A mid rule of law advances exemplified by recent developments in Kenya, tension is palpable as political temperatures are ratcheted up in several other African countries.
Most of the tension is the direct result of contested election results, and has led to mounting anti-regime demonstrations in countries like Togo.
The protests have been fed by public discontent long after President Faure Gnassingbé took over the reins of power in 2005.
In a continent fraught with the political dynasty phenomenon, the ruler’s rise to the presidency after reportedly inheriting it from his father has been a bone of contention in the West African country for years.
Gnassingbé Eyadema ruled the tiny nation from 1967, and it was after his death that the son took over the reins of power.
Since then, opposition leaders have been calling for constitutional reforms, including the introduction of a two-round voting system and limitation of presidential mandates to two five-year terms.
The latter demand by the opposition is meant to nip the Gnassingbé dynasty in the bud and establish a new political order in Togo.
In next-door Côte d’Ivoire, the military has been restive in recent years amid a flurry of disturbing attacks on police stations.
The raids have been blamed on supporters of former leader Laurent Gbagbo, who is facing crimes against humanity charges at the International Criminal Court in The Hague.
In the meantime, there have been reports of politically instigated intimidation and actual or attempted assassinations in countries like Kenya, Lesotho and Tanzania.
While a top Independent Electoral and Boundaries Commission official was murdered in Kenya just days before the August 8 General Election, there was another remarkable assassination in Lesotho.
The country’s army commander was shot dead on September 5 in what was reported to be a shootout between rival officers.
The episode, widely viewed as a political assassination, could revive instability in the perennially volatile tiny African mountainous kingdom, observers fear.
Already a hallmark of instability, the country has gone through a series of elections in recent years, including the snap poll in April following a vote of no-confidence in the prime minister.
In Tanzania, top opposition leader Tundu Lissu was shot and seriously wounded inside his car near his home in the central city of Dodoma.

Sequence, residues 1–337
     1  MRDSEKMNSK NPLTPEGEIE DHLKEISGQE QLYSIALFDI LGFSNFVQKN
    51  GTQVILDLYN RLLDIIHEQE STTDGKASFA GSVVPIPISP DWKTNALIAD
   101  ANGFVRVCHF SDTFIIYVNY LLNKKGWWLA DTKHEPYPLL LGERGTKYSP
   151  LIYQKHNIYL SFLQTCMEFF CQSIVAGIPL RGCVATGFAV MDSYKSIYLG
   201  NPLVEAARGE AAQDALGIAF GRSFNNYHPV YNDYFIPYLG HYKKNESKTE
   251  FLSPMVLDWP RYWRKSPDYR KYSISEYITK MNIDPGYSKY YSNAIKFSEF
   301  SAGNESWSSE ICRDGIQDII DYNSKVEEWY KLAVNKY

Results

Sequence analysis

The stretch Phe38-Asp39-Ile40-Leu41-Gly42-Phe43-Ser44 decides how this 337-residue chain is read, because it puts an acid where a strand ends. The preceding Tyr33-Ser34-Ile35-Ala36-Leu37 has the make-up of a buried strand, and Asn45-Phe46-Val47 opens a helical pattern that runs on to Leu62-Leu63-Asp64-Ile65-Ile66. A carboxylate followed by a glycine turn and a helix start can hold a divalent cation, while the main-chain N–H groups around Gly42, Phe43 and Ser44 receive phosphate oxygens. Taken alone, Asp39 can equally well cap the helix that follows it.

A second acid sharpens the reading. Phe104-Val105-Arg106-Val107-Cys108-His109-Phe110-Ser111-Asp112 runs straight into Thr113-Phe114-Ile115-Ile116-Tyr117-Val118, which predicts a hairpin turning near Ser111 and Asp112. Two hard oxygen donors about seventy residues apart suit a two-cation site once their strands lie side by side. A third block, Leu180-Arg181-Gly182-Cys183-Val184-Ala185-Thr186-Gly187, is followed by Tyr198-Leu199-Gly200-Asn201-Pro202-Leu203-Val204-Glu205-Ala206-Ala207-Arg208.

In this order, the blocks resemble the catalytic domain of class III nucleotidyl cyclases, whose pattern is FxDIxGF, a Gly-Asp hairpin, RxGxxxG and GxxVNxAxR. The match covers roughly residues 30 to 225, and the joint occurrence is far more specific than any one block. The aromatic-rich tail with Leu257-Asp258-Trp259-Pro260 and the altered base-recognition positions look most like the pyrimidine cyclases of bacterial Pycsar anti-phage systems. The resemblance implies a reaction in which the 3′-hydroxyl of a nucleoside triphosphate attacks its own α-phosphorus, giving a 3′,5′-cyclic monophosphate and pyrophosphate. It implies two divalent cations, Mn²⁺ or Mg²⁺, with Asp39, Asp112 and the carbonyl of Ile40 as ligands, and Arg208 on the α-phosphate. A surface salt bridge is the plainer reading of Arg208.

Lissu, a member of Chama Cha Maendeleo na Demokrasia party, is the opposition chief whip in parliament and a relentless critic of the government of President John Pombe Magufuli.
He has been arrested about nine times, with authorities accusing him of making unsavoury remarks against the president and the ruling Chama Cha Mapinduzi party.
Days earlier in neighbouring Rwanda, Diane Rwigara, 35, a critic of the government was arrested together with members of her family.
She had expressed interest in the country’s presidency before the August 4 election, which Paul Kagame won with a landslide, but her bid was foiled when she was disqualified.
Since then, Rwigara has been feeling the heat.
According to media reports she was being investigated for forging signatures during her presidential campaigns.
In a continent where being in the opposition has proved to be perilous, Rwigara’s woes remind one of what Zambian politician Hakainde Hichilema has been going through since losing narrowly to Edgar Lungu in the presidential election in August last year.
Hichilema, the leader of the United Party for National Development, has had it rough.
Having spent four months in custody for reportedly failing to give way to President Lungu’s motorcade in capital Lusaka, Hichilema was freed just over two weeks ago.
Unrepentant, the opposition leader condemned his four-month imprisonment on August 31, terming it an abuse of the criminal justice system by his opponents.
All around Africa, tension has been on the rise as post-election issues continue to trigger dramatic reactions among newly energised champions of political change.
As matters stand, the long-awaited Liberian election will be held on October 10, ahead of the repeat one in Kenya, now slated for October 17 as a result of a landmark Supreme Court ruling.
In the meantime, Angola is preparing for the swearing in of President-elect João Lourenço, the former defence minister who was the flagbearer of the ruling MPLA.
Gratefully, unlike elsewhere in Africa, the incoming leader has called for dialogue with the opposition parties.